Feeds:
Posts
Comments

Posts Tagged ‘books on books’

albertine books ceiling

(Not a picture of books, I know, but this is the gorgeous ceiling at Albertine Books, a French-English bookshop located inside the French embassy in NYC. We visited recently and I couldn’t stop looking up.)

On to the books! Here’s my latest reading roundup:

Plaid and Plagiarism, Molly MacRae
After a bitter divorce, Janet Marsh is thrilled to be starting a new chapter: running a Scottish bookshop and tearoom with her daughter and her best friend. But trouble is brewing: Janet and her compatriots must deal with vandalism, resentment and a nosy newspaper columnist who ends up dead. An amusing cozy mystery with a few great one-liners and a charming setting. To review for Shelf Awareness (out Dec. 6).

A Word for Love, Emily Robbins
American student Bea has traveled to the Middle East to view a certain sacred text in Arabic – a great love story. But she learns much more about love, grief and heartache from her host family, their Indonesian maid Nisrine and a young policeman who catches both their eyes. Luminous, subtle and sad; the writing is gorgeous. To review for Shelf Awareness (out Jan. 17, 2017).

Beneath Wandering Stars, Ashlee Cowles
When Gabriela Santiago’s soldier brother Lucas is injured in Afghanistan, she pledges to walk the Camino de Santiago pilgrimage route in his honor. The catch? She’s walking with Lucas’ best friend Seth, whom she can’t stand. A powerful story of grief and wrestling with big questions, with a rich setting and a little romance. My favorite line: “Maybe sacred things are never entirely safe.”

The Glow of Death, Jane K. Cleland
Antiques appraiser Josie Prescott is thrilled to be selling a genuine Tiffany lamp owned by a local wealthy couple. But when the wife is found dead and Josie identifies the body, she’s shocked: it’s an entirely different woman. Determined to find out who conned her, Josie helps (and sometimes hinders) the local police chief in his investigation. To review for Shelf Awareness (out Nov. 29).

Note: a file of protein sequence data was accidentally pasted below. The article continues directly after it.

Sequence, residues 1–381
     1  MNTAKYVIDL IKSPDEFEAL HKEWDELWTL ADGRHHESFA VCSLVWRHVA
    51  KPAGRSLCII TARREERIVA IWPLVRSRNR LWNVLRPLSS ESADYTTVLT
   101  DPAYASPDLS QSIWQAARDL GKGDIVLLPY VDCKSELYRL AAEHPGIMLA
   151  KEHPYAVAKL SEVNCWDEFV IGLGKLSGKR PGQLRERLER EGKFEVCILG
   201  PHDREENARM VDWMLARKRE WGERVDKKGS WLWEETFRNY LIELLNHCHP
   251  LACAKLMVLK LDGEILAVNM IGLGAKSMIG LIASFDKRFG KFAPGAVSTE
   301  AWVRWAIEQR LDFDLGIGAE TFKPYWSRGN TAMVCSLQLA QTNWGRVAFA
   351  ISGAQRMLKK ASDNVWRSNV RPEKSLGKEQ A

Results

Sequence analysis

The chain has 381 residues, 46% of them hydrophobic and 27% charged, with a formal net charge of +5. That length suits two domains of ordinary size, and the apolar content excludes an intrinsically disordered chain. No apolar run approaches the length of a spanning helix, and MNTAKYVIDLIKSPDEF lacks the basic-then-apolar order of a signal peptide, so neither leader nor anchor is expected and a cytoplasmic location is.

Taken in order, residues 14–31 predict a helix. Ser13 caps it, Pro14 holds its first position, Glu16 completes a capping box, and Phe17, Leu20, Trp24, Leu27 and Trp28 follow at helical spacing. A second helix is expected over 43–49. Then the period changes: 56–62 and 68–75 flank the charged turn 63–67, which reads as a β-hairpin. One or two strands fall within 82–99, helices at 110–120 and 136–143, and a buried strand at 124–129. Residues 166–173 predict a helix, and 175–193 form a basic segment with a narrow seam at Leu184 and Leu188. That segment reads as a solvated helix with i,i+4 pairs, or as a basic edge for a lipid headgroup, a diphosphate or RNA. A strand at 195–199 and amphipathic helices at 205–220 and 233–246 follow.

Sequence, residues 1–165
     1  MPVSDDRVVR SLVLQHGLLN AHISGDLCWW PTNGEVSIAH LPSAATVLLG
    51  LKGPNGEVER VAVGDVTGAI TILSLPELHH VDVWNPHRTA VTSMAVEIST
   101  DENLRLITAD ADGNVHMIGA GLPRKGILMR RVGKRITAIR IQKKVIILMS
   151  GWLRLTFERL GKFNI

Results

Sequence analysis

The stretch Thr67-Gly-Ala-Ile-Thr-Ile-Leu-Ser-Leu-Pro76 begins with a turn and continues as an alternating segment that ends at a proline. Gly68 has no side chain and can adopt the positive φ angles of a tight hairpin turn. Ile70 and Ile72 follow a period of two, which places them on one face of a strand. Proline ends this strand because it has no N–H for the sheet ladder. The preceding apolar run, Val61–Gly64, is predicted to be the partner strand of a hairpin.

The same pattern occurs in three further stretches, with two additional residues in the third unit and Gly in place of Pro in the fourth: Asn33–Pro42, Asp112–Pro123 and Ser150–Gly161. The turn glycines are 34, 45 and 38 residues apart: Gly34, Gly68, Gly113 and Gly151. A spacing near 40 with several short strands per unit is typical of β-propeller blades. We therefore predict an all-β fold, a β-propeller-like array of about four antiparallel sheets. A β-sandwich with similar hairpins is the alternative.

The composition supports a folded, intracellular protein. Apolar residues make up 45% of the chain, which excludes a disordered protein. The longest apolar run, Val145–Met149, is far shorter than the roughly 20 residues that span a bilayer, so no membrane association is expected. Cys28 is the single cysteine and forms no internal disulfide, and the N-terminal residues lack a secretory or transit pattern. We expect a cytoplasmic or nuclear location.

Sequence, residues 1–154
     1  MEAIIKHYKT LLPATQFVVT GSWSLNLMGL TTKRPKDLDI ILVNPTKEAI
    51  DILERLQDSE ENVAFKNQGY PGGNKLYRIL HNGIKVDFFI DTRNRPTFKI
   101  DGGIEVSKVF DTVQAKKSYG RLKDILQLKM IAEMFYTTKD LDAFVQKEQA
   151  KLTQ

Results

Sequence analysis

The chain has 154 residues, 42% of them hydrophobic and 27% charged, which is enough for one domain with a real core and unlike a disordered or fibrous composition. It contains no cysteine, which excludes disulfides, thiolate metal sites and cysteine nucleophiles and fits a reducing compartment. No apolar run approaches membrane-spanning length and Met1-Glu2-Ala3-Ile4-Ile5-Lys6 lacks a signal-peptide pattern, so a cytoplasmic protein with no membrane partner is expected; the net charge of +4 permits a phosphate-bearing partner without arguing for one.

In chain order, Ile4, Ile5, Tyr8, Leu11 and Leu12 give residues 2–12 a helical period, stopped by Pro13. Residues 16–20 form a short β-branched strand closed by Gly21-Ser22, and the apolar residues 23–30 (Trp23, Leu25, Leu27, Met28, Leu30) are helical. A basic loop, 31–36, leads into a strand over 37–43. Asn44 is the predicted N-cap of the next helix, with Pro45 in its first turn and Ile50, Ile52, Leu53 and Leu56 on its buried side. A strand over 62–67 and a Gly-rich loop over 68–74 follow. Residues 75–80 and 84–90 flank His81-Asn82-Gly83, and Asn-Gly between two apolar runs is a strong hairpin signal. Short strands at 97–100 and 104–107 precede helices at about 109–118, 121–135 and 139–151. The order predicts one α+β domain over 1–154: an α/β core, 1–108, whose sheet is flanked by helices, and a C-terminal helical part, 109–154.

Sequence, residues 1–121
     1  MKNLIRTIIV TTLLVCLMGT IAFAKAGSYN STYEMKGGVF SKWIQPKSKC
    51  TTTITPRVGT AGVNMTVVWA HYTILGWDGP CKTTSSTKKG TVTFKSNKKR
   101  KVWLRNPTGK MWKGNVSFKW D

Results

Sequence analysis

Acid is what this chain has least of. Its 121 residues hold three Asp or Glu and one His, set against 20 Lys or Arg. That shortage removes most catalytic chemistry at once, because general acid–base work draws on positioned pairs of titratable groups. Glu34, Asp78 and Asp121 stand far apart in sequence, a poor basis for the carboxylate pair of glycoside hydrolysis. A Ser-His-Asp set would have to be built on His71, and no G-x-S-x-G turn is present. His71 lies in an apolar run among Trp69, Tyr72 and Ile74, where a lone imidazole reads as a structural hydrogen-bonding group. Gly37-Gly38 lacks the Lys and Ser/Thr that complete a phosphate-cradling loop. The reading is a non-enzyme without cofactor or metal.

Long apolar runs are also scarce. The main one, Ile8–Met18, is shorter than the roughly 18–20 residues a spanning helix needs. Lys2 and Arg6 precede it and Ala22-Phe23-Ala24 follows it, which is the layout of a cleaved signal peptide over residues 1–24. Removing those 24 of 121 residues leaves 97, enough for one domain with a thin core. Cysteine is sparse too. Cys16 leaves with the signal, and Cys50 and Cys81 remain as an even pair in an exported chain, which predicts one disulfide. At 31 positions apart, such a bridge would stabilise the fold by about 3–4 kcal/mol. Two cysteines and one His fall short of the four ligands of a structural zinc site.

The Bookshop on the Corner, Jenny Colgan
Penniless and depressed after losing her library job, Nina buys a van on impulse and sets about starting a mobile bookshop in a remote corner of Scotland. A sweet, entertaining story of a woman finding her way in life, career and love.

Links (not affiliate links) are to my favorite local bookstore, Brookline Booksmith.

What are you reading? (And happy Halloween, if you’re celebrating!)

Read Full Post »

shakespeare and co bookstore upper east side nyc

The hubs and I spent a recent long weekend in NYC, dipping into a few bookstores as we hopped around the city. This is the lovely Shakespeare & Co. on the Upper East Side, and here’s my latest reading roundup:

The Kite and the String: How to Write with Spontaneity and Control—And Live to Tell the Tale, Alice Mattison
Mattison, a novelist and poet, gives practical, down-to-earth advice and shares her own experience as a writer. I liked her dryly humorous voice; some wise advice here, though more centered on fiction than nonfiction. Recommended by my writer friends Hannah and Elena.

Books for Living, Will Schwalbe
I loved Schwalbe’s first memoir, The End of Your Life Book Club. In this book, he writes brief essays on the books that have resonated throughout his life – relating to such topics as Napping, Connecting, Remembering, and Choosing Your Life. Witty, wise, totally unpretentious and so good. I’d love to get coffee and talk books with Schwalbe. To review for Shelf Awareness (out Dec. 27).

The Champagne Conspiracy, Ellen Crosby
Crosby’s seventh Wine Country mystery (the first I’ve read) finds vintner Lucie Montgomery trying to untangle a mystery involving murders past and present, complicated family relationships and blackmail. A light mystery with a compelling plot and a likable protagonist. To review for Shelf Awareness (out Nov. 1).

Grape, Olive, Pig: Deep Travels Through Spain’s Food Culture, Matt Goulding
Goulding, an American food writer living in Barcelona, takes readers on a tour through Spain’s regional cuisines: tapas, paella, migas and much more. My favorite parts are his anecdotes of memorable nights in this or that Spanish city, and his deep love for his Catalan wife, Laura. To review for Shelf Awareness (out Nov. 15).